Farm measure gives too much to too few
A $307 billion farm bill has been sent to President Bush, who promises a veto.
Congress' passage of the farm bill by an overwhelming margin has been largely framed as a political blow to President Bush whose promised veto of the $307 billion measure will be an empty gesture.
With once-loyal Republicans sidling away from him to buttress their election-year fortunes, Bush finds himself without support in opposing the expensive, defective measure.
The complex farm bill delivers too much to too few agribusinesses and too little to real farmers. But bundled with worthy programs to feed the poor and conserve agriculture land, Congress gives itself cover to funnel subsidies to wealthy corporations that have seen near record prices for their commodity crops. It also carries unseemly provisions such as tax breaks for racehorse breeding, an enterprise that hardly qualifies as farming.
But amid the squander of tax dollars, the bill is the first ever to send significant funding to growers of fruits and vegetables, products that account for about half of the country's crop values. It directs more than $1 billion in grants to help produce farmers and provides another $1 billion for a pilot program to get fresh fruit and vegetables into school snacks at a time when federal lunch programs are being retooled toward healthier foods.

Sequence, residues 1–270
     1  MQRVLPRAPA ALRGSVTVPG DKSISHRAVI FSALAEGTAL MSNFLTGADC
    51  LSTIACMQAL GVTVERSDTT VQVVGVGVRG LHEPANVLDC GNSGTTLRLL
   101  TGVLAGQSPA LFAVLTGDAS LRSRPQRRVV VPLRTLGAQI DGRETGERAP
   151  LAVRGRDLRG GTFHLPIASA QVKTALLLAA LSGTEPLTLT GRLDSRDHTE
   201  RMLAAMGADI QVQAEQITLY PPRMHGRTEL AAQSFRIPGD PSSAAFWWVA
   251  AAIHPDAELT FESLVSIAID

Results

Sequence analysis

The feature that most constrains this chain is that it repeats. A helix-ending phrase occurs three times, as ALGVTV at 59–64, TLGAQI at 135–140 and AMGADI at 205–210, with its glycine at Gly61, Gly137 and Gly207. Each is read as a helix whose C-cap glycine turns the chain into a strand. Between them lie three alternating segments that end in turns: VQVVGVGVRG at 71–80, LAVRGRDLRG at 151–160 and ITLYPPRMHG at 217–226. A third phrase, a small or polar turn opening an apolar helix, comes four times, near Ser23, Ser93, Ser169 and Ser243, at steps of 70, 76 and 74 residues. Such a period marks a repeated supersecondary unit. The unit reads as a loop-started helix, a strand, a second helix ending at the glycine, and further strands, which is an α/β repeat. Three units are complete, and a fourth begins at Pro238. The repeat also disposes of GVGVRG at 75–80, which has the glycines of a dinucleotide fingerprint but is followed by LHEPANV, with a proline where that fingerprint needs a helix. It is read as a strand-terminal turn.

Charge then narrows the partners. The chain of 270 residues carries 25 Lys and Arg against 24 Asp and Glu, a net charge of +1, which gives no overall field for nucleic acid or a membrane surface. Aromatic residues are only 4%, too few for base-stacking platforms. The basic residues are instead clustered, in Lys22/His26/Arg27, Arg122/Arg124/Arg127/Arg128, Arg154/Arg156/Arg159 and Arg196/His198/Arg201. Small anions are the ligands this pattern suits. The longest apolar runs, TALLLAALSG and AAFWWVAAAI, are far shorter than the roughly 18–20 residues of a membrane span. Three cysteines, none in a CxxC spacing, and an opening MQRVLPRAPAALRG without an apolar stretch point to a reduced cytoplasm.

The bill has grown from a Depression-era aid project to one that covers biofuels, food labeling, rural development, food stamps, nutrition and other programs that need to be separated in order for fair decisions on funding. Too long has it been a tool for Congress to score political points.
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